1. Build awareness among Calgarians about the changes being proposed and to allow Calgarians to participate in the community conversation on long-term planning and supporting growth with infrastructure and amenities.
  2. Communicate the vision and intent of the document within Calgary communities in partnership with stakeholder groups, before the document becomes statutory.
  3. Prepare a clear engagement process for statutory planning work going forward, making expectations clear to all stakeholders about when to engage, what type of engagement is required, and what the outcomes of the work will be.
  4. Provide clarity to the relationship between this work and the City’s shift to larger local area plans.

What does all this mean?

Basically, before the Guidebook can be approved, Calgarians should know more about it!  The proposed changes in the Guidebook include significant changes to low density districts such as Brentwood.

The Guidebook is now expected to go before City Council for approval in March 2020.  Once approved, the Guidebook will be a stand-alone statutory policy that guides future developments (or redevelopments).  It will apply to every community in established areas, and it will override current statutory documents in place for our community, for example, our Brentwood Station Area Redevelopment Plan.

What does this mean for Brentwood residents?

Please try to learn about the Guidebook!  There may be some events or information sessions that you can attend.  Dates have not yet been determined but we will post information on the Brentwood CA website as it is made available to us.  Also keep an eye out for possible City of Calgary events or advertising.

Where can I find more explanations and background?
On the City website, enter “Towards a Renewed Land Use Bylaw”.

https://www.calgary.ca/PDA/pd/Pages/Current-studies-and-ongoing-activities/Toward-a-Renewed-Land-Use-Bylaw.aspx

You will find answers to questions such as “What does this mean for low density districts?”, as well as illustrations of what potential redevelopment might look like.

Where can I read the Guidebook?

A complete copy of the 147-page Guidebook is on the City of Calgary website at www.calgary.ca, then enter “Guidebook for Great Communities”. https://www.calgary.ca/_layouts/cocis/DirectDownload.aspx?target=http%3a%2f%2fwww.calgary.ca%2fPDA%2fpd%2fDocuments%2fCurrent-studies-and-ongoing-activities%2fguidebook%2fdeveloped-areas-guidebook-proposed.pdf&noredirect=1&sf=1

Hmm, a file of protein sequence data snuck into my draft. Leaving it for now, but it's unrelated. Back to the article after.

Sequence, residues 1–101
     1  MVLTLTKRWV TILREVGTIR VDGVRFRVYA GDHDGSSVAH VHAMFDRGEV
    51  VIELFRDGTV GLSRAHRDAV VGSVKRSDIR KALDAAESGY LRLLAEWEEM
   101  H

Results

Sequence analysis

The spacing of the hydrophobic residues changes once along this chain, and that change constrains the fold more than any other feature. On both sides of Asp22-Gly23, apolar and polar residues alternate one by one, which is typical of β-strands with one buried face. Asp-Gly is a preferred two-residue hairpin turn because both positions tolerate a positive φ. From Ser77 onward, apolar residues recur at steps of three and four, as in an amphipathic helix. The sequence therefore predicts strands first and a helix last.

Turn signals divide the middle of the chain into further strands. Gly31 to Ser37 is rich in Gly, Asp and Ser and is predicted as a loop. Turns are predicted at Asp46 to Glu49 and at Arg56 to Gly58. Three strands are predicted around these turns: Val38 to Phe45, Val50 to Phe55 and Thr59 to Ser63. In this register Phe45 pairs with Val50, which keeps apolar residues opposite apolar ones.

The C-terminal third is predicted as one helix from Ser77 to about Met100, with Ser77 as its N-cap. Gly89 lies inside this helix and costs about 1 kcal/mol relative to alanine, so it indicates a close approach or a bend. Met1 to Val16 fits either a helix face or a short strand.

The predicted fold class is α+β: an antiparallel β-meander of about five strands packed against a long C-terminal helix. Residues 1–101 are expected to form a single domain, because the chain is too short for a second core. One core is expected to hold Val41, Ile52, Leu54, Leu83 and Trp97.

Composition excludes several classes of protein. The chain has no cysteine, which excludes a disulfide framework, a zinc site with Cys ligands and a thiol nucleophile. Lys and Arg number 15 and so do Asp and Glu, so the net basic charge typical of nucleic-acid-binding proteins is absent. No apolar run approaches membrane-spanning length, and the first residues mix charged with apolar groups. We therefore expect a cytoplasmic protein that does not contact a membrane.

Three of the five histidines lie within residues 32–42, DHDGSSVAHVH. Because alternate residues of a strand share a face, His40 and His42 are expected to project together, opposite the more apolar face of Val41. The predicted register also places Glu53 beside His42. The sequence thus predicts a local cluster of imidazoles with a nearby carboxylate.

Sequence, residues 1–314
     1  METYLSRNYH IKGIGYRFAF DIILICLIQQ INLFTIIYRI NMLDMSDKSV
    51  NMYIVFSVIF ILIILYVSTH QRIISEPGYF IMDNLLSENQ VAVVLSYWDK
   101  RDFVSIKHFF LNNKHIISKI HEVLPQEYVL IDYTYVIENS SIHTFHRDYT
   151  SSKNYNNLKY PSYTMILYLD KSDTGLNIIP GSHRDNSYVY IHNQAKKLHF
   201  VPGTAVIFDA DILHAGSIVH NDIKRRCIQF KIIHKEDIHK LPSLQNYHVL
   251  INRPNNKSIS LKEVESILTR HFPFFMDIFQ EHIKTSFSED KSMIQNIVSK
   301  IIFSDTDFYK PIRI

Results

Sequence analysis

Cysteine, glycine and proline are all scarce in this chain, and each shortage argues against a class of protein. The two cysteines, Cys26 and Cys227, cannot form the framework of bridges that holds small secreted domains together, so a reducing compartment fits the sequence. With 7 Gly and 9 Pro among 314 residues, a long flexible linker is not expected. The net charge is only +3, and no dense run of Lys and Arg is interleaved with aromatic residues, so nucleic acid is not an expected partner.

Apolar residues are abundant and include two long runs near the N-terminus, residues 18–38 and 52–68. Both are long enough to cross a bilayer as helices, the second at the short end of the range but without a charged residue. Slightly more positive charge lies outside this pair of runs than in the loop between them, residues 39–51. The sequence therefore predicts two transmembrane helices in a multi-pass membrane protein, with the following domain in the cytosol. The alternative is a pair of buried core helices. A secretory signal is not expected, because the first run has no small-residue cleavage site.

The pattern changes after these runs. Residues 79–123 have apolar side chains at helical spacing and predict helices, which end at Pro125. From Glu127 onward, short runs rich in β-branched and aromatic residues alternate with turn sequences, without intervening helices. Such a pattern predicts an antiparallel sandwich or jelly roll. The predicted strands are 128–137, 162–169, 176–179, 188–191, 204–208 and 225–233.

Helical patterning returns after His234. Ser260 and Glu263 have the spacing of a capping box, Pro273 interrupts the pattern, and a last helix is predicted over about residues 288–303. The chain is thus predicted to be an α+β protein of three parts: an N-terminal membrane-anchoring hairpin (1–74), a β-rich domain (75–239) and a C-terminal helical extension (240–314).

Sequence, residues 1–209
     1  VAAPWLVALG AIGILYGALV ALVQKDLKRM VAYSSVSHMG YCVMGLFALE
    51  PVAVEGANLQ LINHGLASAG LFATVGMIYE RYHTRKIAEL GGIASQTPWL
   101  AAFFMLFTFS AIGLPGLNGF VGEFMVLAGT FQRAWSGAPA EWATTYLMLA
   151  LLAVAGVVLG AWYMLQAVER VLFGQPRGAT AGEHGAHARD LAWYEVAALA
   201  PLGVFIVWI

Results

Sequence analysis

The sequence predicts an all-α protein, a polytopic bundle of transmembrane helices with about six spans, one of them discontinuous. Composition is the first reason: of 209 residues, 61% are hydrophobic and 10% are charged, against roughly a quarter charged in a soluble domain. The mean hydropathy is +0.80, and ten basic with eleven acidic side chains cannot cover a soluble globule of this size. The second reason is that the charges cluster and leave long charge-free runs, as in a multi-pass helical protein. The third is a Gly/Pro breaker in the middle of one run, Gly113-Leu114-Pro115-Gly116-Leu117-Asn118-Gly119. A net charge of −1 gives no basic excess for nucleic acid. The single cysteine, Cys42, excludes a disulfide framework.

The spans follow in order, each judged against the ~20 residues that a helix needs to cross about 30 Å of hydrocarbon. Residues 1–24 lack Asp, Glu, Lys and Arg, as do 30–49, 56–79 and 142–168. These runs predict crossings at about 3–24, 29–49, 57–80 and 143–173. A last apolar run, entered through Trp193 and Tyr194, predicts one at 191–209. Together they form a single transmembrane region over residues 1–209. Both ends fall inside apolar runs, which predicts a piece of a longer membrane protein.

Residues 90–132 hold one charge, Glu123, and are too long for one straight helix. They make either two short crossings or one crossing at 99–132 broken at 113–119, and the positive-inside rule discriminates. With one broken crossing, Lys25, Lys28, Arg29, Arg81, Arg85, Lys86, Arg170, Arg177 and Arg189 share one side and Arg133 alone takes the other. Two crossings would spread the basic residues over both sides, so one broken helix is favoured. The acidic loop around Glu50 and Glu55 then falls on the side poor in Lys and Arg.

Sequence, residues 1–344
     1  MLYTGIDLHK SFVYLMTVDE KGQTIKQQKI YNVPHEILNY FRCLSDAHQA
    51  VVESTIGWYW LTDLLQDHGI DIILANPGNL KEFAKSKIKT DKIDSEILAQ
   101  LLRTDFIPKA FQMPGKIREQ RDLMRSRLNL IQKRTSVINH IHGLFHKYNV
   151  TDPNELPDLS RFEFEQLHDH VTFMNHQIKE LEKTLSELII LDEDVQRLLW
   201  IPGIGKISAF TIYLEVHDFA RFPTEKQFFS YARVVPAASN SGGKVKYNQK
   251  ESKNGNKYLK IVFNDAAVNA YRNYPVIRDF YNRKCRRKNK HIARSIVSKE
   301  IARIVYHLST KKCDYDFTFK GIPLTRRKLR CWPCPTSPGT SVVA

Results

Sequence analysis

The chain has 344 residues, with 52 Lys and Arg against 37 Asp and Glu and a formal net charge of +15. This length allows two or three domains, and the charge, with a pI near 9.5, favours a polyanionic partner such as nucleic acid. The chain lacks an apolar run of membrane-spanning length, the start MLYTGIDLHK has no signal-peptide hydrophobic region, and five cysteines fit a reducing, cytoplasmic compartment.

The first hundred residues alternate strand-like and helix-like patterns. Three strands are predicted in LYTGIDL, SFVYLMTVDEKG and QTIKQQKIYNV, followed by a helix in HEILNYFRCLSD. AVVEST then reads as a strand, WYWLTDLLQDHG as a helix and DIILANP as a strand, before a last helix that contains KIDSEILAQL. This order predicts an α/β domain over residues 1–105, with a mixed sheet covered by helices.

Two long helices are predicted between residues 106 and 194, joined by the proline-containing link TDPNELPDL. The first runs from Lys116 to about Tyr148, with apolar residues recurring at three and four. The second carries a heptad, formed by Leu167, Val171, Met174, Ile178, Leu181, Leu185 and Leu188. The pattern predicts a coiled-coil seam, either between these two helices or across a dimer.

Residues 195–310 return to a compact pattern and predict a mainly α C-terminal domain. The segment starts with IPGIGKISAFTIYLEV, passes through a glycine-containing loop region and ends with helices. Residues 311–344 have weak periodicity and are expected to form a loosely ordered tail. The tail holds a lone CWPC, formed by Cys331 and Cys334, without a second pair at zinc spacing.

We will try to post updates on the Brentwood CA website (www.Brentwoodcommunity.com), with a link to our Development and Transporation Committee website.

If you are interested in community planning and redevelopment issues, we welcome new members to join us.  We meet at 7:00 p.m. on the first Monday of every month in the Sportsplex Boardroom.  Our next meetings are on February 3, March 2 and April 6.  Please contact the BCA for more information at office@brentwoodcommunity.com or at 403–284-3477.

Submitted by Melanie Swailes

On behalf of the BCA Development and Transportation Committee

 What does the Guidebook for Great Communities mean for Brentwood?

In previous issues of the Brentwood Bugle, I have written about the Guidebook for Great Communities.  The Guidebook (once approved by Council, likely in April) will be a stand-alone statutory policy that guides future development in every community in established areas, including Brentwood.  It will override current statutory documents in place for our community, for example, our Brentwood Station Area Redevelopment Plan.

Where can I read the Guidebook?

A complete copy of the 147-page Guidebook is on the City of Calgary website at www.calgary.ca, then enter “Guidebook for Great Communities”. https://www.calgary.ca/_layouts/cocis/DirectDownload.aspx?target=http%3a%2f%2fwww.calgary.ca%2fPDA%2fpd%2fDocuments%2fCurrent-studies-and-ongoing-activities%2fguidebook%2fdeveloped-areas-guidebook-proposed.pdf&noredirect=1&sf=1

What does this mean for low density districts?

On the City of Calgary website, enter “Towards a Renewed Land Use Bylaw”.

https://www.calgary.ca/PDA/pd/Pages/Current-studies-and-ongoing-activities/Toward-a-Renewed-Land-Use-Bylaw.aspx